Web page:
I’m not condemning stencils or wheatpastes, or even street art in general. There are countless artists who have been using these mediums long before Exit Through the Gift Shop, and in much more original ways, while respecting and even being part of the graffiti community. The real crime lies in the uninspired, unoriginal, corporate street art that has been flooding the scene.
Unless you’re a writer, or are at least one of those hopeless Flickr-addicted graff-head railfans, you might not have noticed this trend. The least you can do is to think twice before asking a graffiti artist about Banksy, and do your graffiti homework. As Eros put it, “I don’t hate on the fact that the movement is growing in popularity, I just don’t respect it as much as those that pioneered the way with graffiti art. Each involves risk to get your work out there but the technical skills involved, vary. Overall, anyone expressing themselves is a good thing.”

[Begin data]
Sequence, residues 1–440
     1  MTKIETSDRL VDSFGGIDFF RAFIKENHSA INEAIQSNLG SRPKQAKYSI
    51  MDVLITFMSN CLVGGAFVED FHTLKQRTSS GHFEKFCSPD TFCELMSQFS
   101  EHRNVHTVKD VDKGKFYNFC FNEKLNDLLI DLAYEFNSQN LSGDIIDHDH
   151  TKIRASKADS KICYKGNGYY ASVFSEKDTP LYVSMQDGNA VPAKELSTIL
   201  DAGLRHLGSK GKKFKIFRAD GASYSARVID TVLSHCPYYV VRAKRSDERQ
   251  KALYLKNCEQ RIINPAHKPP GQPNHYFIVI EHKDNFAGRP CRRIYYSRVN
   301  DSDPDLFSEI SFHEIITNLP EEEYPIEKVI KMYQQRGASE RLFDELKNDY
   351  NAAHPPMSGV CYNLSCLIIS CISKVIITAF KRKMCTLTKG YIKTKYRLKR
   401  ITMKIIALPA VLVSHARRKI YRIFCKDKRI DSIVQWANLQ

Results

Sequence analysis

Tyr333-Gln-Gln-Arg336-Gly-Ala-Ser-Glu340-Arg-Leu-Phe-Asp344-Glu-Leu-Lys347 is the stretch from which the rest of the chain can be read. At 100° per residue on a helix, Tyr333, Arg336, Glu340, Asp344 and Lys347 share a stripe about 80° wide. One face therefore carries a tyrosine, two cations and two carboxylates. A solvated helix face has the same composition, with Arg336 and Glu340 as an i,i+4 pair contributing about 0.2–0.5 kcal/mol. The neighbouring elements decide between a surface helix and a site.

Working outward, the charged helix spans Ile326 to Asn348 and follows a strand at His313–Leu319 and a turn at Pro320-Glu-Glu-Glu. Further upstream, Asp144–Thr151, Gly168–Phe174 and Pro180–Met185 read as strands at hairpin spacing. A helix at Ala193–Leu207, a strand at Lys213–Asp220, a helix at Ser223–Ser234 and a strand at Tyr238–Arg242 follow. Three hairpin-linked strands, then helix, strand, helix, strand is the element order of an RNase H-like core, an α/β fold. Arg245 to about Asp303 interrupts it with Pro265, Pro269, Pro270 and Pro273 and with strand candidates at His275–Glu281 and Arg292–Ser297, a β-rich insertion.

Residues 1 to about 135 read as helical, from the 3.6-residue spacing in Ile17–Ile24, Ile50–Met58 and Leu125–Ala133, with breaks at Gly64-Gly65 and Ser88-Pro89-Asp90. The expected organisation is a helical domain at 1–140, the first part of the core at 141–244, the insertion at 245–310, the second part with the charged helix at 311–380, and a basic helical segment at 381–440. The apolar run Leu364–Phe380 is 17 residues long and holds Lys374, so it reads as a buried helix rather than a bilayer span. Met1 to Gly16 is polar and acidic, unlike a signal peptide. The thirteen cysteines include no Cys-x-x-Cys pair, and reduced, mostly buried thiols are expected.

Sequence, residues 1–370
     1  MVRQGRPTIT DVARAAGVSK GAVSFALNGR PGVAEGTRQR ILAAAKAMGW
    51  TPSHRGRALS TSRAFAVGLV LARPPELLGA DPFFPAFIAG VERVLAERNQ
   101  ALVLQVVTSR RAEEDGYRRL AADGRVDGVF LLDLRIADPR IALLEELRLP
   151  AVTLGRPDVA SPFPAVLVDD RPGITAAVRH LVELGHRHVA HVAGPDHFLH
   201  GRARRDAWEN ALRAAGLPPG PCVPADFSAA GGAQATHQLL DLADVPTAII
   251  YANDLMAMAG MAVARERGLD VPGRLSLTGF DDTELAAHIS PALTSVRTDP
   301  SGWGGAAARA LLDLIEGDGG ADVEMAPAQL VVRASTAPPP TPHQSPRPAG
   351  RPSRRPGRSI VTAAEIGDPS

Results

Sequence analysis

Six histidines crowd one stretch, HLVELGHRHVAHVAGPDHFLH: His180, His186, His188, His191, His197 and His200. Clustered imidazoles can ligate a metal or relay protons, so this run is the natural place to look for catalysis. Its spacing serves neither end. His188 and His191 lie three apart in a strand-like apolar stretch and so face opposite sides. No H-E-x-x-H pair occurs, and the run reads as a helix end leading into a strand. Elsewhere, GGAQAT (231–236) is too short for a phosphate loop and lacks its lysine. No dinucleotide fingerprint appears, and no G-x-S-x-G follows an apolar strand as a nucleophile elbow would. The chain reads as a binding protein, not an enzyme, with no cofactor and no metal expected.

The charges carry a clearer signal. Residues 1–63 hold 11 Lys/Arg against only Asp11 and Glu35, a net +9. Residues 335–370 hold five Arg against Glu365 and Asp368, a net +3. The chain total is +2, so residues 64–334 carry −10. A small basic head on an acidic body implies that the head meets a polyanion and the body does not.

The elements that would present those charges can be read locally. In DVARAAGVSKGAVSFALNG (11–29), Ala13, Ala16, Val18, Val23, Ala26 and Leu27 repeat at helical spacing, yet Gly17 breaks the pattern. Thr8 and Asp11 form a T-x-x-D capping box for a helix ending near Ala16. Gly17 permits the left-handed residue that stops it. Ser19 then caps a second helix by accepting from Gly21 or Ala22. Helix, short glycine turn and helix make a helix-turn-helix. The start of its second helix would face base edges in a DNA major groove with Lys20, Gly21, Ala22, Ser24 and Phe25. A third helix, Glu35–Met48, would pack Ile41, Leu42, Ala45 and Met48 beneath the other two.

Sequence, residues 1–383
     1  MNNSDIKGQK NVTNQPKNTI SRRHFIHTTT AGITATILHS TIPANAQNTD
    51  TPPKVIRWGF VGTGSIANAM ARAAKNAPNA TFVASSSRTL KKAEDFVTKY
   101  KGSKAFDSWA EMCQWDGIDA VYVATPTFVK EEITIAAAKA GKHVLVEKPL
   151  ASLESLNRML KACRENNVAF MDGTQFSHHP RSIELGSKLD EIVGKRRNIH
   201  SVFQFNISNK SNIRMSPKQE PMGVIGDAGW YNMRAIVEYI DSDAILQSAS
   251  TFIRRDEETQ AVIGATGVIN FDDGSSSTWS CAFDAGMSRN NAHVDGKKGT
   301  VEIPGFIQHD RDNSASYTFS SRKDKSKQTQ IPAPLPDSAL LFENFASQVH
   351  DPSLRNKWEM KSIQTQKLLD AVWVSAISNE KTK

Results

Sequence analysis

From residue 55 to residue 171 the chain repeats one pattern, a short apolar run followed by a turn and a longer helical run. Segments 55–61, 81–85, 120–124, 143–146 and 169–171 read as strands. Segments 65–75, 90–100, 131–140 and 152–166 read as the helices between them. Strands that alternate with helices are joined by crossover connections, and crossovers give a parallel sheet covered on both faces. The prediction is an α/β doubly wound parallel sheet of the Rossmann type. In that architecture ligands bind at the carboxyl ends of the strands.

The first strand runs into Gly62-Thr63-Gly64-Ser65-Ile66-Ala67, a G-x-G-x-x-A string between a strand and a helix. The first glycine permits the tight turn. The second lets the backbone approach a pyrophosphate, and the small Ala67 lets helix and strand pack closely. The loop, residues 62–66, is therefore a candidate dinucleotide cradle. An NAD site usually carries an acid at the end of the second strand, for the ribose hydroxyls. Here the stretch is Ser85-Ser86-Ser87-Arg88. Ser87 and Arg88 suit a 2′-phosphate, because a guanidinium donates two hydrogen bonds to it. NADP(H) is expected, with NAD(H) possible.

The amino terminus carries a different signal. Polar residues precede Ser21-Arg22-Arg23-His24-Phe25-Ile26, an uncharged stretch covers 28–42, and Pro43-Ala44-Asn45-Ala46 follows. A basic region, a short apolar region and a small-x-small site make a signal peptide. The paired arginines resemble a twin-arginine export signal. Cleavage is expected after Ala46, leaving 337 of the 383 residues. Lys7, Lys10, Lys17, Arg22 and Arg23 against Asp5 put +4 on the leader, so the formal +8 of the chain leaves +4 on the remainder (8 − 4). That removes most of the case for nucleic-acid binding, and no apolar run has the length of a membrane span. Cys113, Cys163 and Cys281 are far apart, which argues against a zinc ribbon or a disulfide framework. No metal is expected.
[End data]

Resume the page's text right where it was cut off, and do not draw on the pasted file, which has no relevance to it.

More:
Just like with any art form, there are real artists that need an outlet for self expression, and there are fakers, simply trying to capitalize on the latest trend. Graffiti and street art are no different, but that doesn’t mean there aren’t a huge number of creative artists still around. If you still want to delve into the world of graffiti, pay your dues and learn how to perfect the craft before you start going over cats.
If you want to break free from the Banksy cult, here are a few of my favorite artists to check out: Eros AKB, Biafra, Deuce 7, Roids MSK, Ewok AWR, River/Aqua TCI, Nmph HM, Baer TKO.